People with Dementia and Their Families Disproportionally Handle Costs of Care
People with dementia experience significantly higher costs of care compared to those without dementia, and the burden of those higher costs falls disproportionately on people with dementia and their families. Further, the financial expenditures shouldered by families was higher for people with dementia who lived in the community rather than in a residential facility such as a nursing home, according to researchers.
Investigators studied a subset of individuals who had continuous fee-for-service Medicare parts A and B coverage in the 7 years before death. Over the study period, the researchers calculated cost of care either covered by insurance (Medicare and Medicaid) or covered by the family (out-of-pocket medical care costs and estimated cost of informal care provided by family members). Costs were compared over time, by dementia status, and by residential status.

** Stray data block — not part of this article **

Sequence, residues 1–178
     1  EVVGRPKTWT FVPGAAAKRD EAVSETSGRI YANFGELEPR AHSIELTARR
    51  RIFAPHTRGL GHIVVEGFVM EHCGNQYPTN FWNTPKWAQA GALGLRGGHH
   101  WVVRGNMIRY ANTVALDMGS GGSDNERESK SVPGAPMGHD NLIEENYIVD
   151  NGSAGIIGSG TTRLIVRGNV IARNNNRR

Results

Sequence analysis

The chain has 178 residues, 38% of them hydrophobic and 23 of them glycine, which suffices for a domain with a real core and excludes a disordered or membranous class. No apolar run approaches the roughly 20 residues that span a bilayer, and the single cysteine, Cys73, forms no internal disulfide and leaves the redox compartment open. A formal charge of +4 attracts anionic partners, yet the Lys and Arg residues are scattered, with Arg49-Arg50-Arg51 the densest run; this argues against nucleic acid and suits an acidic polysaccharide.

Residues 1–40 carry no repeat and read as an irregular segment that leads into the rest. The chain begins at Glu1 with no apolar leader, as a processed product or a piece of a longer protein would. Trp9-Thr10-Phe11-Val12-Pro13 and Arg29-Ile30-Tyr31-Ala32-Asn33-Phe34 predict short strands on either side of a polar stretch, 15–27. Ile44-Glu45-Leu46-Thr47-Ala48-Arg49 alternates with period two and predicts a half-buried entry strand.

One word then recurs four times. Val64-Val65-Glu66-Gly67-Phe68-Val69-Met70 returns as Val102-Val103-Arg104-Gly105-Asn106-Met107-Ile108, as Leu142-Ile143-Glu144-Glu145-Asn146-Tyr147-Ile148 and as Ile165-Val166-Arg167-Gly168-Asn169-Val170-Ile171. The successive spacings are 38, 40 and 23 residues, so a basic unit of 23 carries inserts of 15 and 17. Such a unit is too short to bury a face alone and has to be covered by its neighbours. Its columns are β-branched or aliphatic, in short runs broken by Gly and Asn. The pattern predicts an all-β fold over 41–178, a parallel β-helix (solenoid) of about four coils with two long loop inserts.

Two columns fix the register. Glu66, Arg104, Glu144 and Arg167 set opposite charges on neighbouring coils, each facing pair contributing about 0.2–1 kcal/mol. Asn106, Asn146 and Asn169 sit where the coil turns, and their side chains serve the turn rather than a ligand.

Overall costs were roughly equal for people with dementia regardless of where they lived – either in a nursing home or in the community. However, community-dwellers and their families paid, on average, 64% of the total cost, compared to 43% of the costs if the person with dementia lived in a nursing home. Meanwhile, people without dementia incurred a lower cost of care overall, particularly when they lived in the community rather than in a nursing home.
Kelley, A.S., McGarry, K., Bollens-Lund, E., Rahman, O-K., Husain, M., … Skinner, J.S. (2020). Residential setting and the cumulative financial burden of dementia in the 7 years before death. Journal of the American Geriatrics Society, 68(6), 1319-1324.